Our cruise over to Elbow Cay and Hope Town was a short one, only a few miles. Hope Town Harbour is small, and is mostly mooring balls. We anchored just outside on the harbor entrance, along with four or five other vessels. It was my birthday and I wanted to spend the day on the hook, especially since we had just spent ten days at the dock at Harbour View.
We didn't even put the dinghy down. We just sat on the boat and listened to the stereo and occasionally took a dip in the beautiful water. In the photo above, I'm enjoying my favorite beverage, bought in Marsh Harbour for $48 per case.
My birthday dinner of bar-be-que'd pork steaks and "summer crabs" didn't turn out like we had wanted, but I still got to spend the day doing what I wanted to.
The next morning we took a cruise with the dinghy into the harbor. The town sits on the east side of the small harbor, and the lighthouse and some resorts are on the west side. We got some fuel in the dinghy and went back to the boat for a few hours.
The street in the picture is typical of all the roads in Hope Town. They barely are the width of a small truck, and some are just for walking. All the homes are painted in bright colors and most are neat and clean looking. Most of them also seemed to be vacation homes for rent.
Here's another view of Hope Town. We were out to celebrate our anniversary, and we had plans to go casual, picking out a place called Captain Jacks, because they had an outside deck and we took Holly with us, but Holly wasn't allowed even on the deck at Captain Jacks. Geez, it's not like we were wanting to bring a toddler into their restaurant!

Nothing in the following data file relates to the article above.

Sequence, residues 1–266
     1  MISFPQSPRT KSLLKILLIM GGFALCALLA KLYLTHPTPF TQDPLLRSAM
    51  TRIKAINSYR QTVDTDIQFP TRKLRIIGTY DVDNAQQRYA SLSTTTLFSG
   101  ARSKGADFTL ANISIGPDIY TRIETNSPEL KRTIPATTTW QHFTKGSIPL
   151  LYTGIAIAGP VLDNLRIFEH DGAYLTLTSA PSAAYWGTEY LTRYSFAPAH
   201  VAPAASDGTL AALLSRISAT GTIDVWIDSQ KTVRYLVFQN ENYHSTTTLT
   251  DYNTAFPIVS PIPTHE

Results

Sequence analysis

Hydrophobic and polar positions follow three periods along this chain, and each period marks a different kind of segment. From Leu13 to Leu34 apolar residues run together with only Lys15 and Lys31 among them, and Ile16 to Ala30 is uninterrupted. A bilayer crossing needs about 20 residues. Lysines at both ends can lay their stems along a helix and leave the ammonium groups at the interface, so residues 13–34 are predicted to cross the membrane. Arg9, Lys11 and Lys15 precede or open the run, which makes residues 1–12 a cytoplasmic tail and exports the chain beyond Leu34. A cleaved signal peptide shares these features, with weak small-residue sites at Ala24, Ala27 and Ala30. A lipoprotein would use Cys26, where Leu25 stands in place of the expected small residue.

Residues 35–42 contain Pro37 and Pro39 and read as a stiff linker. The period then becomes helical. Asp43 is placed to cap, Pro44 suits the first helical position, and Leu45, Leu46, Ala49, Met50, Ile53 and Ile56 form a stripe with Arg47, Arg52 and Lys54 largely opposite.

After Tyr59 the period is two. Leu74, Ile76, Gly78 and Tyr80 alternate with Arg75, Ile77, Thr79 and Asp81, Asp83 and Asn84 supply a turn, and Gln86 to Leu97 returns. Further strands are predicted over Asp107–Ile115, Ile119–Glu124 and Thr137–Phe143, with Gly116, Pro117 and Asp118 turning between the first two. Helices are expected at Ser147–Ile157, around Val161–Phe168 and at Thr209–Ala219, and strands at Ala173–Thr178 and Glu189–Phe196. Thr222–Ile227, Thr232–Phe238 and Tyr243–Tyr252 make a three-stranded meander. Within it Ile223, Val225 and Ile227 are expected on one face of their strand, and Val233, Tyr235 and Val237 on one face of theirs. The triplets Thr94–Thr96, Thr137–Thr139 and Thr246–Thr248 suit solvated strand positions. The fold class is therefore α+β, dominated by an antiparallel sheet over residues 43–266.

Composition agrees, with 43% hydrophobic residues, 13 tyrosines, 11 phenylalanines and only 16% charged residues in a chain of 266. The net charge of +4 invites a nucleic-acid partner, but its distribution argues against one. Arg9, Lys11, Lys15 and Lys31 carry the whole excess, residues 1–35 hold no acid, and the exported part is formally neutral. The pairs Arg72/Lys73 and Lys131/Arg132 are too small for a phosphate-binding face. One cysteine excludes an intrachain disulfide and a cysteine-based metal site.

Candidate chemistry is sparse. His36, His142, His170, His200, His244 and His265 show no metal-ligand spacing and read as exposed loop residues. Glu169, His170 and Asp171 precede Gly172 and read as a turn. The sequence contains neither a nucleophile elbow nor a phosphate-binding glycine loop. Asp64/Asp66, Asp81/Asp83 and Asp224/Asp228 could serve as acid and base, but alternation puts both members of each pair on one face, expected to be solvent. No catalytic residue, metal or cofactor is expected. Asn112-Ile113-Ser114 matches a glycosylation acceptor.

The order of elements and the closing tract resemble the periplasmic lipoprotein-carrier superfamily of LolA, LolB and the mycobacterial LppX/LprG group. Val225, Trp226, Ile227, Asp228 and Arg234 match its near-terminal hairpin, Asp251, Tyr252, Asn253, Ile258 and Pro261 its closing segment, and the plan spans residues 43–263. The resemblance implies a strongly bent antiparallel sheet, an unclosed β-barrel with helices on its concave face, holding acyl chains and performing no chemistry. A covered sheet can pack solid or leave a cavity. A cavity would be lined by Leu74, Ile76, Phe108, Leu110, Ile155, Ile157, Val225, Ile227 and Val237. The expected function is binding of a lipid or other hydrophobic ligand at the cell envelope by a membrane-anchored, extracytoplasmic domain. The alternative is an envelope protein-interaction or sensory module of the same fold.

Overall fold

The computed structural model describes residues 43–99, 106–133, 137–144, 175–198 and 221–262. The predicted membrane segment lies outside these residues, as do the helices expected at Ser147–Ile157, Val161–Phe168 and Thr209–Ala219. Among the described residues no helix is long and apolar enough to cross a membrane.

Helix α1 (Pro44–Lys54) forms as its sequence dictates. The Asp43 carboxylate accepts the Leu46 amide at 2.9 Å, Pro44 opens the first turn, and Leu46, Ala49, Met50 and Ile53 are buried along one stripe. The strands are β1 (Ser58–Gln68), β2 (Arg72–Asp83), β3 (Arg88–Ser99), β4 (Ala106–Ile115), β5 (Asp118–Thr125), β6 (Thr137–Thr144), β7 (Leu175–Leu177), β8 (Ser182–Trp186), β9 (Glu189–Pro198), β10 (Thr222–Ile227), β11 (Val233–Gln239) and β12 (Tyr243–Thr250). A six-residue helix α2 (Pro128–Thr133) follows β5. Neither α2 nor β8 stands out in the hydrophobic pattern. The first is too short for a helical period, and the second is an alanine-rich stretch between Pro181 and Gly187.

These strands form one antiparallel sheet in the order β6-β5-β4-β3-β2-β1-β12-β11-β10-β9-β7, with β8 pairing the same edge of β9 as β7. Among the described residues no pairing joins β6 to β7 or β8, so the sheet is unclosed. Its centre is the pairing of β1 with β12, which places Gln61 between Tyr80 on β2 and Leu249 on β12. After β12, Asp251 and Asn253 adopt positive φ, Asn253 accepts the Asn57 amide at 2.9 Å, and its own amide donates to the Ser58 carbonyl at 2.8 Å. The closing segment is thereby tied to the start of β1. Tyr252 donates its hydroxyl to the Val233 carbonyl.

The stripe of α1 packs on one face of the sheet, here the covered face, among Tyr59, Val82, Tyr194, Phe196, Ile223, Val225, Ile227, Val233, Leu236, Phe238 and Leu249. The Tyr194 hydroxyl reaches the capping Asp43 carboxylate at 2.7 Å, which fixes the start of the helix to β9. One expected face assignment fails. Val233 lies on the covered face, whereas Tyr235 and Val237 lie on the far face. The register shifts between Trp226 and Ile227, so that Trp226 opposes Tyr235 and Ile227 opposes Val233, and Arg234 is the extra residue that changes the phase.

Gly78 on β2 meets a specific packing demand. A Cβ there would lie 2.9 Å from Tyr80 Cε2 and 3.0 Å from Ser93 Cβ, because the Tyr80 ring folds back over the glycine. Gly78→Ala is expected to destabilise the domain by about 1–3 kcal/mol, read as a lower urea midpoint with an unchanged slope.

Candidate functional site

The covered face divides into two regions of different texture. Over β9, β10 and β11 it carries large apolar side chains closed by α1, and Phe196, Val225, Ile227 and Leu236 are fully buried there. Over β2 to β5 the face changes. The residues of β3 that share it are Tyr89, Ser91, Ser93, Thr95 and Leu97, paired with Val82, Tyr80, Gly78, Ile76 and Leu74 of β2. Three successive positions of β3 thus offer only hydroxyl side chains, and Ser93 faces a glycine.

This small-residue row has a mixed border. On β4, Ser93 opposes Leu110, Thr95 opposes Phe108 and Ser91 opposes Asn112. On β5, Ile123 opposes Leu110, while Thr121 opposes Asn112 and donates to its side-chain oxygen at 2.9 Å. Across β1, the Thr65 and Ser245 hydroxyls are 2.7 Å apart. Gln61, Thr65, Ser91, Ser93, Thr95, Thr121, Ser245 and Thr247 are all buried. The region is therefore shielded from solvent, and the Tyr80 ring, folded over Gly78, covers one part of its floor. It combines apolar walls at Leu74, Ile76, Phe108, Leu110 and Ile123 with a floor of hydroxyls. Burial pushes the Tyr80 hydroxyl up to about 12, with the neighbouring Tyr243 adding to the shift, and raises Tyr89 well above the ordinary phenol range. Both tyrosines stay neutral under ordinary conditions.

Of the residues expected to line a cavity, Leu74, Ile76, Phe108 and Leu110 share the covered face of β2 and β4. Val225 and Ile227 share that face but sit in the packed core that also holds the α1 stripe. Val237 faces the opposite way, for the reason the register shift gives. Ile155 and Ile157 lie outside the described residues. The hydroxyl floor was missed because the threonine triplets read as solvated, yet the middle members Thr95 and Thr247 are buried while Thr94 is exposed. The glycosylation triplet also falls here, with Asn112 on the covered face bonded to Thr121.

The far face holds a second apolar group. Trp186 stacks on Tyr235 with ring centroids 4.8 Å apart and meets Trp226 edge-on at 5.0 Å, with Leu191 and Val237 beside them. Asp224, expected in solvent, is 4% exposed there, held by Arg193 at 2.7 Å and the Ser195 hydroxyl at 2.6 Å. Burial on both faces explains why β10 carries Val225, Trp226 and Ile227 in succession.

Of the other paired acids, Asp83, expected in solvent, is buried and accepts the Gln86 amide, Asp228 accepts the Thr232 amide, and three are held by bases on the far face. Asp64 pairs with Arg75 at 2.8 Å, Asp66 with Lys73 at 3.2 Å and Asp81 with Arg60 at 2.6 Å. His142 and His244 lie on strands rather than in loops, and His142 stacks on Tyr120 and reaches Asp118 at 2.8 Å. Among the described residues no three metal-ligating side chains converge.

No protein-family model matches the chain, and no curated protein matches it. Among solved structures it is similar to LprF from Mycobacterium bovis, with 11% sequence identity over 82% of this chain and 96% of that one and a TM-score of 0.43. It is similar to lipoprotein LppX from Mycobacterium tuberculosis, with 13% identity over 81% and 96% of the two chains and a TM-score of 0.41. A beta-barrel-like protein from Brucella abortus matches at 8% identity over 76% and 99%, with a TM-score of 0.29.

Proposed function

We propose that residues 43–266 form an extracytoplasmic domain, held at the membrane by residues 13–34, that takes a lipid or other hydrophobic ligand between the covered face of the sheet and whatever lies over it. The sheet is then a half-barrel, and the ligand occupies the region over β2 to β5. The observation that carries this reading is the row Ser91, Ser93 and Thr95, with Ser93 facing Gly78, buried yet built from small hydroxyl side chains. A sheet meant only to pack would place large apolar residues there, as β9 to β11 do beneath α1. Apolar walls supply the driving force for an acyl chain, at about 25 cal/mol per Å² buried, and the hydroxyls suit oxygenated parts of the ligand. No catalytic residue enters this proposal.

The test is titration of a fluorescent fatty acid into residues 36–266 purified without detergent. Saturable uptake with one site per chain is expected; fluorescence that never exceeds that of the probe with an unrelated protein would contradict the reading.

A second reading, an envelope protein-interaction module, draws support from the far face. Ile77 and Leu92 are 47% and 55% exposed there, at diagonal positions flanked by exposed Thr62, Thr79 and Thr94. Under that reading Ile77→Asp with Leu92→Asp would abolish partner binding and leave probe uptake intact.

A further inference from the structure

We found another restaurant with an outside deck, and they welcomed Holly, so we sat at the outside bar and had a couple of cold beers and enjoyed the shade at the Harbour View Inn. Catchy name.
We perused the menu, thinking we would have some appetizers to start with when the bartender wanted us to "cash out" because she was going home, the shift was changing. I hate it when that happens, so I told her we would be glad to pay our bill as we were just leaving. The menu was a bit pricey anyway.
Not wanting to ruin our anniversary celebration, we reluctantly took Holly back to the boat, and even more reluctantly we went back to Captain Jacks for dinner.
Captain Jacks was having trivia night. As we stepped off the dinghy, they were just asking the first question, so the host asked if we wanted to play, but we declined.
The waitress that waited on us had an attitude like you wouldn't believe, but we attempted to kill her with kindness when all I really wanted to do was just kill her. Her bad attitude was starting to rub off on me, so to be ornery, every time the host would ask a trivia question, I would blurt out the answer, which in every case was the number three. Each time I was told that if I did it again, we would have to buy the house a round of drinks. I laughed each time, as well as some of the other folks there. Rosie just wanted to melt into the floor.
We met some folks at the table next to ours and they were very nice. It was a whole family, out celebrating the wedding of their grand daughter. The grand parents had been living in Hope Town for many years. We told them that we had been married on that date too. Both times.
Things were going well until we got our dinner, or at least until I got mine. I ordered fried chicken. I knew I would only get a breast and a wing, that's how they do it in the Bahamas. You get a quarter chicken, either white or dark meat.
When my plate came, the piece of chicken looked like some part of a chicken that I had never seen before, and I've had lots of fried chicken in my life. I would have sworn that someone, or something had taken several bites out of the chicken breast before they deep fried it. Apparently it was payback time for my trivia antics.